Translating Strategy into Action: The Art of Execution

By Dave Ulrich, Norm Smallwood | August 7, 2019

When leaders master the five elements of execution, they’re well-equipped to ensure that their organization gets where it needs to go.

Every leader must master the skill of execution. It’s one of the five key domains of effective leadership that we’ve identified in the Leadership Code. Simply put, leaders must make things happen. Being good at strategy or planning doesn’t mean much if it’s not coupled with the ability to execute. Executors are masters of change and decision making. They build teams with the right skills and have strong standards of accountability. Most of all, they know how to turn what they want to happen into near-term actions that fulfill promises to stakeholders. 

So what does it mean to be a good executor? Good executors excel in five critical competencies:

1. Make change happen

No matter how long they’ve been in business, leaders who don’t respond to and initiate change will fail quickly. Whether incremental or systemic, mastering change is crucial to effective execution. Bringing a consistent set of change disciplines (we call it a checklist) to every project increases its chance of success. This checklist includes gaining leadership support, building a business case, defining a clear outcome, getting required buy-in, making decisions, institutionalizing the change, and monitoring success.

Ensuring that these changes last requires paying attention to the obstacles and roadblocks to change that exist in every organization. We call these “viruses”—organizational illnesses that can be cured. Examples of common organizational viruses include: . 

  • Good, but…: Criticism is a company sport. We always find something wrong.
  • False positive: Agree in person then disagree in private
  • Forward to the past: We are afraid of losing our heritage and so resist change.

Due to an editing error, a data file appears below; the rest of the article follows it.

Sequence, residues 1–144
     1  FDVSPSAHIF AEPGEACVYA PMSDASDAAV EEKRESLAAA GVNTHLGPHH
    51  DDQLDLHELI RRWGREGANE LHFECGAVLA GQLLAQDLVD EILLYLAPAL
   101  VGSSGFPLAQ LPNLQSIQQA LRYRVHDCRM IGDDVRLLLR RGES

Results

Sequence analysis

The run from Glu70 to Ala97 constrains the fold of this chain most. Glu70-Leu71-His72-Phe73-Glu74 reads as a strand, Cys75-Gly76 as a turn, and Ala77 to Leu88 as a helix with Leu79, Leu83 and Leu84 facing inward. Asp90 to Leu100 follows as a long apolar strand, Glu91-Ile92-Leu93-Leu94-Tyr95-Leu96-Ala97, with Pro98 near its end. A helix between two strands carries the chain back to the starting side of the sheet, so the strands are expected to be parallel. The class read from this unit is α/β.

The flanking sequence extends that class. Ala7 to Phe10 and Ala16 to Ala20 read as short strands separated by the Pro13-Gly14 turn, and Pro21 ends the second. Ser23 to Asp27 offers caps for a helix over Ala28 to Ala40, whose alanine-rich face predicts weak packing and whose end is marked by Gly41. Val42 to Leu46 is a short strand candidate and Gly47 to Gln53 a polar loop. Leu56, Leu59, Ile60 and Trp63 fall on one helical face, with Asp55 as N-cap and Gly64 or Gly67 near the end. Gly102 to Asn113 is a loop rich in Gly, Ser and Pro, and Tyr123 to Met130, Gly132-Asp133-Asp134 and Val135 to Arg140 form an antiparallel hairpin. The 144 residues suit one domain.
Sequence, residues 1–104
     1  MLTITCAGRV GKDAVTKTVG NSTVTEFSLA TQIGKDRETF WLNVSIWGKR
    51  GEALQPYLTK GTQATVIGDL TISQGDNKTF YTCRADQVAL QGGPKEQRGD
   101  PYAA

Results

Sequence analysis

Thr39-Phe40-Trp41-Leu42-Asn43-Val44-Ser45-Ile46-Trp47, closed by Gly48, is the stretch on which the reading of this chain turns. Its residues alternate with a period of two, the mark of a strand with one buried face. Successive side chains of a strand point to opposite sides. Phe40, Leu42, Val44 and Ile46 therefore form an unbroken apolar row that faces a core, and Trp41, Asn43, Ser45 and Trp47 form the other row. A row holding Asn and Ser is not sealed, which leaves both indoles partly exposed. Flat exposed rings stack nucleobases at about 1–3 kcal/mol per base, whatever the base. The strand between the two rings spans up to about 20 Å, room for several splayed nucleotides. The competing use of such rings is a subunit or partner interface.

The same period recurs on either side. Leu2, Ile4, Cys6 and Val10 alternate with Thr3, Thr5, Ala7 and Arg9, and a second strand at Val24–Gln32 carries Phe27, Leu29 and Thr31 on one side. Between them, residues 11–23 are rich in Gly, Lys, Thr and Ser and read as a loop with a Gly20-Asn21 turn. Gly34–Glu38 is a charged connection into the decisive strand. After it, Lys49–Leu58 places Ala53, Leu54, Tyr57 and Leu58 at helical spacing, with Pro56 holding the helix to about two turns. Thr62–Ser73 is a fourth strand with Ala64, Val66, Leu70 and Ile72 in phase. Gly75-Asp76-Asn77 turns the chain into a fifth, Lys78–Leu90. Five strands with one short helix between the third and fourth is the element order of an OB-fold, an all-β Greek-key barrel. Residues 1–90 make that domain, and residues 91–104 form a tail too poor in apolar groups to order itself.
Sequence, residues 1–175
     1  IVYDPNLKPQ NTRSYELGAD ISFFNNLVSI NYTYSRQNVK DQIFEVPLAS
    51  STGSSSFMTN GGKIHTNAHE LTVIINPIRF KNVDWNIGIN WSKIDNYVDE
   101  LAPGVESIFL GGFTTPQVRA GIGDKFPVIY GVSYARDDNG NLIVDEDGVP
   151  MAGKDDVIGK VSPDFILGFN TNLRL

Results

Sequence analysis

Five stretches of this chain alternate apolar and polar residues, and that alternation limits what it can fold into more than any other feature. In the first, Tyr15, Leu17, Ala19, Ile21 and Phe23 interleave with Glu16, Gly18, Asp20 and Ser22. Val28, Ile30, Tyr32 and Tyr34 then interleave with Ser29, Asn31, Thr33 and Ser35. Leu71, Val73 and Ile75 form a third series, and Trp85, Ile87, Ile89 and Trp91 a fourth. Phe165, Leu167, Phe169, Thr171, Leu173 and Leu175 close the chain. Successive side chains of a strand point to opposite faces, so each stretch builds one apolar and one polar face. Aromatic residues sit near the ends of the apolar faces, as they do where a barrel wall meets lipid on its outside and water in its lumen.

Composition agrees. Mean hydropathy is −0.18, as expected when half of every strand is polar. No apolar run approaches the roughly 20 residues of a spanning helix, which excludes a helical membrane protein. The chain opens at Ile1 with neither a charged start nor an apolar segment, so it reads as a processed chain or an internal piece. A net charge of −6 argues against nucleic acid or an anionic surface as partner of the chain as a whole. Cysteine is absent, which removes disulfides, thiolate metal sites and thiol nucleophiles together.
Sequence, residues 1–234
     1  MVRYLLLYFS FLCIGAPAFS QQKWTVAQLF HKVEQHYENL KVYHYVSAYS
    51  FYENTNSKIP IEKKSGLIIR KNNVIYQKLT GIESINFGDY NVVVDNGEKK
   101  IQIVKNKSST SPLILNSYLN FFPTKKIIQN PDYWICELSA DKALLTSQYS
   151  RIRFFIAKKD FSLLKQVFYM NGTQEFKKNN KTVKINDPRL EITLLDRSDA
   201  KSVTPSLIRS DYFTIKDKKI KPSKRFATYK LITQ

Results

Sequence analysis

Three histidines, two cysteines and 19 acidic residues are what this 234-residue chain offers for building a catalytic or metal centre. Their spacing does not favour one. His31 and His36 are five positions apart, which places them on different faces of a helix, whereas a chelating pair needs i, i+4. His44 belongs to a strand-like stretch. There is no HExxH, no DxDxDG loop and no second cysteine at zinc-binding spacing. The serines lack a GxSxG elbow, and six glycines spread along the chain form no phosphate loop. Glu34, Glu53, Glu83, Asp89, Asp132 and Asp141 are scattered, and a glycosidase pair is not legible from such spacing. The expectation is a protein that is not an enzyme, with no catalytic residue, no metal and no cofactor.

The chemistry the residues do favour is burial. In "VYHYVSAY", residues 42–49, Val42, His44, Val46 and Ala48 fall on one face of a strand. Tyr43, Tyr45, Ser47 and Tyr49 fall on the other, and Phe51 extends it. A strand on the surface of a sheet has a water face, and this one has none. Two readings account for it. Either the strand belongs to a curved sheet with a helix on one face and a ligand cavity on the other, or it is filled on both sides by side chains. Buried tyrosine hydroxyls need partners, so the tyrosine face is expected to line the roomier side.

Mitigating the damage caused by a virus depends on proper identification and eradication. While each organization is “infected” with different viruses preventing change, sustainable execution depends on creating new patterns of behavior while exposing and expunging old patterns. 

2. Follow a decision protocol

Leaders are responsible for making hundreds of decisions, some more important than others. Most of us have experienced the consequences of poor decision making. A decision protocol can help protect against ambiguity and launch focused and timely action. Establishing and using a decision protocol can help leaders take intelligent action on important decisions.

These questions can help create better discipline around decision making:

  • What is the decision that needs to be made?
  • Who is going to make the decision?
  • When will the decision be made?
  • How will we make a good decision?

Decision making is one of the most common barriers to excellent execution. Using these questions as a decision protocol can help leaders cut through the clutter and ensures that clear, consistent decisions are made.  

3. Ensure accountability

It’s difficult to get important work done if no one cares about the outcome. Having clear standards, consequences, and feedback increases accountability and creates the traction needed to accomplish important work.